As the weather warms, farmers market season is already underway in many parts of the state. These markets can range from a handful of tents in a parking lot to large coordinated events such as the Downtown Farmers Market. Unlike grocery shopping at your local supermarkets, farmers markets focus on local produce and artists in an outdoor environment, which allows for a slower-paced but very enjoyable family experience.
Here are a few tips for making the most of your visit to the market.
1. Feed everyone before you go. Many farmers markets have food stalls, and vendors often offer samples, but if you haven’t planned to buy everyone a pastry, food at the market can be an unexpected financial drain. Hungry people, be they adults or children, tend to be grumpy and irritable. Have a plan for your eating so everyone knows what to expect, and pack small snacks for young marketgoers to avoid the "hangriness."
2. Do not wipe out the sample trays. Many vendors serve bite-sized samples at their booths. They want you to try luscious peaches, spicy garlic sauces and handfuls of kettle corn. These little tastes help you decide what flavors you like and encourage brisk business. However, samples are not your lunch and shouldn't be treated as such. One or two samples are plenty unless you are specifically encouraged to try more. Children should only sample with permission and supervision. Vendors are not aware of allergies and do not want their entire sample tray consumed by one or two kids.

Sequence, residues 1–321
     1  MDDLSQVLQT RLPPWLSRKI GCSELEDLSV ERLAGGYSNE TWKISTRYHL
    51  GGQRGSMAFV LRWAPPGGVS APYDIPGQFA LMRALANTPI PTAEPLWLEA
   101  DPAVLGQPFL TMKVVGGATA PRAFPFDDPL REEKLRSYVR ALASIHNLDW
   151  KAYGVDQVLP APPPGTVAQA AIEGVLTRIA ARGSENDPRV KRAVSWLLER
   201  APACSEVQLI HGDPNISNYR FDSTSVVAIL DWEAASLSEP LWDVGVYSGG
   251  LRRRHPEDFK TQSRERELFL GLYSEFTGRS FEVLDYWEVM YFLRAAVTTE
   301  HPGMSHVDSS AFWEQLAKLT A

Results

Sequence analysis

3. Bring your own bags. Vendors may have plastic bags on hand to package up your goods. However, you can end up with a dozen bags per trip to the market, many of which are only holding one or two things and will just be tossed. Reusable bags are inexpensive to buy or make and will last through many summers of market visits. It’s also fun for children in a family to have their own bags to carry home their treasures.
4. Bring water bottles and stay hydrated. Large farmers markets can take a while to get around, and it gets hot very quickly. Bringing water bottles is an easy way for family members to have the water they need to be comfortable without paying several dollars each for refreshment on the spot.
5. Let kids select some of what you bring home. When children are allowed to select a favorite treat — many markets feature treats such as honey sticks or small cookies — or piece of produce to take home, it makes them feel involved and excited about going again. This also provides an opportunity for parents to talk about proper nutrition, trying new things and enjoying fresh fruits, vegetables and local products.
The most important thing to remember is to look for opportunities to have fun and try new things. You may be surprised by what your community has to offer.
Jana Brown is a writer, wife and mother. She loves visiting farmers markets around Utah and stocking her pantry with local produce. Find her @janastocks or at www.cornabys.com/blog.